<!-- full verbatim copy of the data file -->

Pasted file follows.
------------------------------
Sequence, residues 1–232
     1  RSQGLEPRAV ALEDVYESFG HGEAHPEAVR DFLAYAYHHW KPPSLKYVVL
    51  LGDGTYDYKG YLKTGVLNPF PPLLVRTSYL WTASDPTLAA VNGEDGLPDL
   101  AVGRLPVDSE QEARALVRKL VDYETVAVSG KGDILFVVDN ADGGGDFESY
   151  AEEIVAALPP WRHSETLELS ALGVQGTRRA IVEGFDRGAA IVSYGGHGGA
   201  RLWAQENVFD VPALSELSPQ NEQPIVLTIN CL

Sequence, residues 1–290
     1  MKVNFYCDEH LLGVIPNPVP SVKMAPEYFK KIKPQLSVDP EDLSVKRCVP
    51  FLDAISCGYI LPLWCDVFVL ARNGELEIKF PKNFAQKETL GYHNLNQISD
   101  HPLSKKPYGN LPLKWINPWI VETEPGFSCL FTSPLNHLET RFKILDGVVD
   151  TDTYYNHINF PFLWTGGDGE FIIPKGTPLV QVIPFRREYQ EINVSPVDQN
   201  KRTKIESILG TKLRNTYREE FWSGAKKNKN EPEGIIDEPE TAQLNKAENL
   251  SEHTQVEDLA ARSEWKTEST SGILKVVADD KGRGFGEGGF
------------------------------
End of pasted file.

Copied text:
Sequence, residues 1–232
     1  RSQGLEPRAV ALEDVYESFG HGEAHPEAVR DFLAYAYHHW KPPSLKYVVL
    51  LGDGTYDYKG YLKTGVLNPF PPLLVRTSYL WTASDPTLAA VNGEDGLPDL
   101  AVGRLPVDSE QEARALVRKL VDYETVAVSG KGDILFVVDN ADGGGDFESY
   151  AEEIVAALPP WRHSETLELS ALGVQGTRRA IVEGFDRGAA IVSYGGHGGA
   201  RLWAQENVFD VPALSELSPQ NEQPIVLTIN CL

Sequence, residues 1–290
     1  MKVNFYCDEH LLGVIPNPVP SVKMAPEYFK KIKPQLSVDP EDLSVKRCVP
    51  FLDAISCGYI LPLWCDVFVL ARNGELEIKF PKNFAQKETL GYHNLNQISD
   101  HPLSKKPYGN LPLKWINPWI VETEPGFSCL FTSPLNHLET RFKILDGVVD
   151  TDTYYNHINF PFLWTGGDGE FIIPKGTPLV QVIPFRREYQ EINVSPVDQN
   201  KRTKIESILG TKLRNTYREE FWSGAKKNKN EPEGIIDEPE TAQLNKAENL
   251  SEHTQVEDLA ARSEWKTEST SGILKVVADD KGRGFGEGGF